Much of my appreciation for Final Fantasy VII Remake is cribbed in my fondness for the Playstation One original.  An opportunity to revisit a part of the iconic story with a modern rendering of the Midgar slums, Shinra, and the original cast of characters have been not only been expanded upon, but reimagined to place a fresh new importance to side characters that were largely throw-away in the original and unexplored sections of the city.  A combat system that feels dynamic and a natural progression from both its turn-based battle roots and a refinement of more recent Final Fantasy mechanics raised the bar Square Enix has set for itself in future entries in the series.  The story alterations feel like natural inclusions and straddle the line between homage and callback to the original.  This start of a remake works great for devotees like myself, but it’s also likely a natural entry point for those who know Final Fantasy VII’s legacy status but want a more modern retelling.

4: Bugsnax

From its announcement, Bugsnax became a cultural touchstone in the gaming community with its fever dream trailer, catchy as all get-out theme song, and the hundreds of memes spawned from it.  This flash in the pan popularity actually does a disservice to the game where you catch food-like bugs in a word inhabited by them and a diverse cast of muppets who love to eat them.  Bugsnax range from adorable to threatening, and the different tools and variety of strategies needed to catch them made each capture incredibly fun.  Each cast member of the Snaxburg community is well fleshed out, relatable, and endearing, if flawed.  The story starts simple and leads to some wild turns and an unexpected twist or two.  Look past the memes and give Bugsnax its due as one of the best games of 2020.

3. Lonely Mountains: Downhill

If you could bottle tranquility and serenity in a video game, then the label on it would be Lonely Mountains: Downhill.  It’s simply a downhill racer, but environment and setting make it stand out with simple polygonal graphics that let you focus on the action and relaxing ambient sounds of nature and the wheels of your bike roaming through dirt paths.  The gameplay can be relaxing or challenging depending on what objectives are being tackled, but even the most difficult ones are a brief barrier to opening the next mountainous tracks.  This is easily the most peaceful game I’ve played this year.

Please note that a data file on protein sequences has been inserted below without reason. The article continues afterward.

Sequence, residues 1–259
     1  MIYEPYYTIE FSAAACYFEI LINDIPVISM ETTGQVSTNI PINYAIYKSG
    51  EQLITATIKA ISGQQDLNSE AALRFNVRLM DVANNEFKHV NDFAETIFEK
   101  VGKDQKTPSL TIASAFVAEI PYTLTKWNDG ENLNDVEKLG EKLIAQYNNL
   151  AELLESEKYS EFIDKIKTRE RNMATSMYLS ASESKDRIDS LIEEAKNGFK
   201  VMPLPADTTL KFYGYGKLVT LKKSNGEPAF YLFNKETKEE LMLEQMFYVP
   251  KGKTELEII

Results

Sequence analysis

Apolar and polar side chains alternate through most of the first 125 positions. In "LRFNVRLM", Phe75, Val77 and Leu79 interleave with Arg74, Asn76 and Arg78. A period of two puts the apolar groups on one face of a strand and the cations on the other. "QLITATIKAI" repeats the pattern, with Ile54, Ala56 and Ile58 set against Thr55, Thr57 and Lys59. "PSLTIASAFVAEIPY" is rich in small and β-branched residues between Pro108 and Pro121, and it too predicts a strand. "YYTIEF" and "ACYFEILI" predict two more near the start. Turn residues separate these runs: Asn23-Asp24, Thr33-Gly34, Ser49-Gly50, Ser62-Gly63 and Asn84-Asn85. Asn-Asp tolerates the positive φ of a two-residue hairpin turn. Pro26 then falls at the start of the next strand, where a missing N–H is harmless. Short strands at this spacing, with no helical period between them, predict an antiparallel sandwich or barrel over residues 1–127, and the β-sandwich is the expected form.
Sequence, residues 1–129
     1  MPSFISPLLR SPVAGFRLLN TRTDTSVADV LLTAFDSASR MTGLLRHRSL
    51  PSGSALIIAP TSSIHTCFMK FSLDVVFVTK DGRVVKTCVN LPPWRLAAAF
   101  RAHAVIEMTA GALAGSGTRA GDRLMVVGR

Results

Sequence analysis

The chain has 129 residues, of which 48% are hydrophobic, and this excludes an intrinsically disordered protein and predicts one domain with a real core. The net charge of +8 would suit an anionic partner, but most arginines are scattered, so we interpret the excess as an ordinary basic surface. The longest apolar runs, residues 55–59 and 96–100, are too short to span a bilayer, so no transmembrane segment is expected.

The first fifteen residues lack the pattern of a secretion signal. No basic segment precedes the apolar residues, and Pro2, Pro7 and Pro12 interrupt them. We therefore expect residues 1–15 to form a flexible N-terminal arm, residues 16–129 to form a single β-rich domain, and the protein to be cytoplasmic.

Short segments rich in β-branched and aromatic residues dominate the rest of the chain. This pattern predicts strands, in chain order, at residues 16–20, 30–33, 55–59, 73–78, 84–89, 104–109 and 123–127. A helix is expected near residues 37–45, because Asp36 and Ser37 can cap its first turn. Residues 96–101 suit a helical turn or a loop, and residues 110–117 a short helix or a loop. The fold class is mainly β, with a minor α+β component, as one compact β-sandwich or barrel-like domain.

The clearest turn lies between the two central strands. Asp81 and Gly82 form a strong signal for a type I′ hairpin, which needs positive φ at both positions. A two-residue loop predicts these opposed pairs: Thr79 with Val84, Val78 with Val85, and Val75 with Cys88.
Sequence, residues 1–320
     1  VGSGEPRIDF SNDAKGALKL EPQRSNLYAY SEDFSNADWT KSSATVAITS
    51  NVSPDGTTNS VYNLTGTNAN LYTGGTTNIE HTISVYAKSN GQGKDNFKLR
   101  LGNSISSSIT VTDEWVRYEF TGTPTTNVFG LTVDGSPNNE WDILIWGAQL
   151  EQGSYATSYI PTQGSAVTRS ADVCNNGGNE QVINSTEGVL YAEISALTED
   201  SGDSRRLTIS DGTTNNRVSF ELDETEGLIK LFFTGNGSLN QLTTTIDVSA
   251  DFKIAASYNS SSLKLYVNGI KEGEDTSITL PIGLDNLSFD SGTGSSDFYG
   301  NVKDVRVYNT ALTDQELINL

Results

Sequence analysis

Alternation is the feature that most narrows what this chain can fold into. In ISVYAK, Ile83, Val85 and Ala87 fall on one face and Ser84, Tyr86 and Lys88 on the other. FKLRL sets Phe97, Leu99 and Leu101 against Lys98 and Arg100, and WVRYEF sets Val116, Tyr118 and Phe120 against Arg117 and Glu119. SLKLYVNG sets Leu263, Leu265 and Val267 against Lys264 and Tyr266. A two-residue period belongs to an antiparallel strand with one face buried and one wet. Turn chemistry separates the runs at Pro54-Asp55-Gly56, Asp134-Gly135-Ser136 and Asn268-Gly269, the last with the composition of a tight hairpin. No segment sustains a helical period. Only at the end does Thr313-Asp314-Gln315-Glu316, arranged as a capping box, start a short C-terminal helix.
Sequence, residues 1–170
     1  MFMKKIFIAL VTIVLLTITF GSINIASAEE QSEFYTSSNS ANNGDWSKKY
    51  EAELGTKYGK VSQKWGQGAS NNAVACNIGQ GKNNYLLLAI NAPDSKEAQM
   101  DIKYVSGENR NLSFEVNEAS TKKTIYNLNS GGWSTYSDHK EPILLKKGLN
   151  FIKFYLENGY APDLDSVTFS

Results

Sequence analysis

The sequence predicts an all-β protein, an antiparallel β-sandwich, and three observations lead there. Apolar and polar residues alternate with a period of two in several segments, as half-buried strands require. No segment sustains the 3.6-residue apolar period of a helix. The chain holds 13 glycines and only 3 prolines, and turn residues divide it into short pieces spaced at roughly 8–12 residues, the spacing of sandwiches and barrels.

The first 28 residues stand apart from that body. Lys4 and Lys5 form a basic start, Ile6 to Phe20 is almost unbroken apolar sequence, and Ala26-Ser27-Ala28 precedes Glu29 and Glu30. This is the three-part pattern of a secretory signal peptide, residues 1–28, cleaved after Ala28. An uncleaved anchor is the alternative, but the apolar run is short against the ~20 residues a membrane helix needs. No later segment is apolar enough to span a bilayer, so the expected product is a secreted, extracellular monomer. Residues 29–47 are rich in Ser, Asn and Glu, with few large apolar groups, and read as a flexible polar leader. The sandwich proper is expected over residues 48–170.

2. Animal Crossing: New Horizons

What can be said about Animal Crossing: New Horizons that hasn’t been said already?  This entry in the series caught fire and captured widespread cultural notoriety beyond the gaming community, and spawned tons of celebrity interactions with both sharing their islands with fans and guest starring on late-night talk shows taking place on an in-game stage set.  While I fell off the wagon hard midway through the year, it was the all encompassing, all consuming game in my household this spring.  Buying and selling turnips was a daily event.  I got my frequent flyer miles taking the Dodo Airlines to visit friends.  It was also the first experience my family got to play a game all together.  It may not be as content complete as prior entries, but it does just enough to keep people who love the series engaged with new seasonal content.

1. Invisible, Inc

Everything old is new again, and 2015’s Invisible, Inc. made its way onto its best home on the Nintendo Switch.  The tactical RPG’s heavy stealth focus makes each level a chess match, with every move having implications for your future success.  The ability to rewind a handful of turns each level gives just enough chances to undo mistakes where minor errors don’t build to insurmountable failure.  And like any good roguelike, each play through feels like you’re making slow and steady progress in learning the ins and outs of the systems at play, ones that fit together like pieces to a puzzle.  I don’t suspect Invisible, Inc. is something I can recommend everyone play as it’s an acquired taste, but if well-thought out systems in a tactical strategy game with a focus on replayability and stealth sounds at all enticing, then you have to try it.